- We are extremely lucky to live with such great conditions to help reach our full potential (especially if we have air-conditioning).
- Focus on the big picture first, add the details later.
- Art is art, not a photograph!
My journey not only helped me improve technical skill, it helped me build more confidence and develop experiences that are not so art-related.
Which artists did you study as part of your project?
Samantha: During the project, the artists I studied use very different styles and mediums. Most of GCSE was experimentation, so our class was encouraged to try a wide range of techniques, such as pen pressure, layering…
Ian Murphy was the first artist I studied. He came to our school and taught us lots of methods of creating backgrounds, linework, and his art-making process. It opened a whole new world of possibilities in my mind when expressing directional movement and creating effects the traditional way (I was a digital art addict)!
While most of Ian Murphy’s artwork creates a reminder of culture and age by emphasizing the textural attributes, Jasper Knight’s artworks have a more modern and graphical look. His distinctive style includes using solid colors (usually primary) and bold lines that drip. What captures me the most about Jasper Knight’s work is the combination of geometrical features and playfulness, similar to De Stijl and Memphis.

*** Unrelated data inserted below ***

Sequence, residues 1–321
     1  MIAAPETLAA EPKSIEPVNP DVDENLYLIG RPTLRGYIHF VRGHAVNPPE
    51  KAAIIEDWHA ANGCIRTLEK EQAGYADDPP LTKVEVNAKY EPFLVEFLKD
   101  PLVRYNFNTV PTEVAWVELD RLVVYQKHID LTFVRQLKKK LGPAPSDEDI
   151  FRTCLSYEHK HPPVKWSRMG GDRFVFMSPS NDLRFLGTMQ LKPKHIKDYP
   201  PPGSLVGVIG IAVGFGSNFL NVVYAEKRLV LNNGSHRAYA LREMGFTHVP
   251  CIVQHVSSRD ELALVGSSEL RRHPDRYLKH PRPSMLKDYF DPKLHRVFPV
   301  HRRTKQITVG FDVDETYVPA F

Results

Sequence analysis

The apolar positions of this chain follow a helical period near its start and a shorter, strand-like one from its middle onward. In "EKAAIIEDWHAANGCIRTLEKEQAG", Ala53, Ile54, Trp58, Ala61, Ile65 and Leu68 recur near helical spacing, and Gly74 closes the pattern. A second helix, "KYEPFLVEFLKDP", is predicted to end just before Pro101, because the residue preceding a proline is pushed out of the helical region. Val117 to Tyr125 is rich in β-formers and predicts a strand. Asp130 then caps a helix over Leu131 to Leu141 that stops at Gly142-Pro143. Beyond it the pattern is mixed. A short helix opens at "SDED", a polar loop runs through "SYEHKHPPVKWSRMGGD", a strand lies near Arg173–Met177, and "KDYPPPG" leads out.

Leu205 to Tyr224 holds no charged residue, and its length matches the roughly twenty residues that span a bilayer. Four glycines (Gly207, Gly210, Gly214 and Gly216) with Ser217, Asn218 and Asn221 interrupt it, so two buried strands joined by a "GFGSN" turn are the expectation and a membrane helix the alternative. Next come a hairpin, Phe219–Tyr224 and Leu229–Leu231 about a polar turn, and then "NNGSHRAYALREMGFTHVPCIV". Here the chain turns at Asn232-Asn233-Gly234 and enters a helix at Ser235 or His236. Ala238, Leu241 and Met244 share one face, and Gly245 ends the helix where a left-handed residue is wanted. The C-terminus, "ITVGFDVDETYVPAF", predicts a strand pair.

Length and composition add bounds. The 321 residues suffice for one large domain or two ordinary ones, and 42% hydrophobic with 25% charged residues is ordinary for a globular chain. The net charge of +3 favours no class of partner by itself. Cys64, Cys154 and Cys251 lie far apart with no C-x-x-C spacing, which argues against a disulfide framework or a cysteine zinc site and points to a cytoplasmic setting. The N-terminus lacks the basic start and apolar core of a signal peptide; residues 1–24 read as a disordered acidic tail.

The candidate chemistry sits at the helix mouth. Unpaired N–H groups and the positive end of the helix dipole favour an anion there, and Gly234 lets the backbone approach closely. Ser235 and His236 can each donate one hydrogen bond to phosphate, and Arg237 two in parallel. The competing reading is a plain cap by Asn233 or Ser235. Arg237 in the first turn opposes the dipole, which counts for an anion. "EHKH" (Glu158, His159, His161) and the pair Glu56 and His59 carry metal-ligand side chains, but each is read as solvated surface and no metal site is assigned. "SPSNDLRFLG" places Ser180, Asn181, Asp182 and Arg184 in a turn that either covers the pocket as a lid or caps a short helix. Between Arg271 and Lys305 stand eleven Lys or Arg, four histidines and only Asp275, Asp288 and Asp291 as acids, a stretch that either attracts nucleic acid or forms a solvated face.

As a digital art lover, I was attracted to Margaret Preston’s color schemes and printmaking technique, which is quite similar to cel-shading. Her artwork express complexity through few colors and strong borders which makes it eye-catching.
Kurt Schwitters was an artist I studied while I was experimenting with collage and composition through basic shapes and materials. I became more open-minded about different materials such as rope, wires, and aluminium foil, all which I have never used before in a painting. His work also gave me ideas on the use of levels (height and density of materials) when printmaking.
Samantha is a multi-talented student: someone to watch. If you enjoyed this article, you may also wish to view Samantha’s International GCSE Art Examination or other exemplary high school Painting and Fine/Art Projects.
Amiria has been an Art & Design teacher and a Curriculum Co-ordinator for seven years, responsible for the course design and assessment of student work in two high-achieving Auckland schools. She has a Bachelor of Architectural Studies, Bachelor of Architecture (First Class Honours) and a Graduate Diploma of Teaching. Amiria is a CIE Accredited Art & Design Coursework Assessor.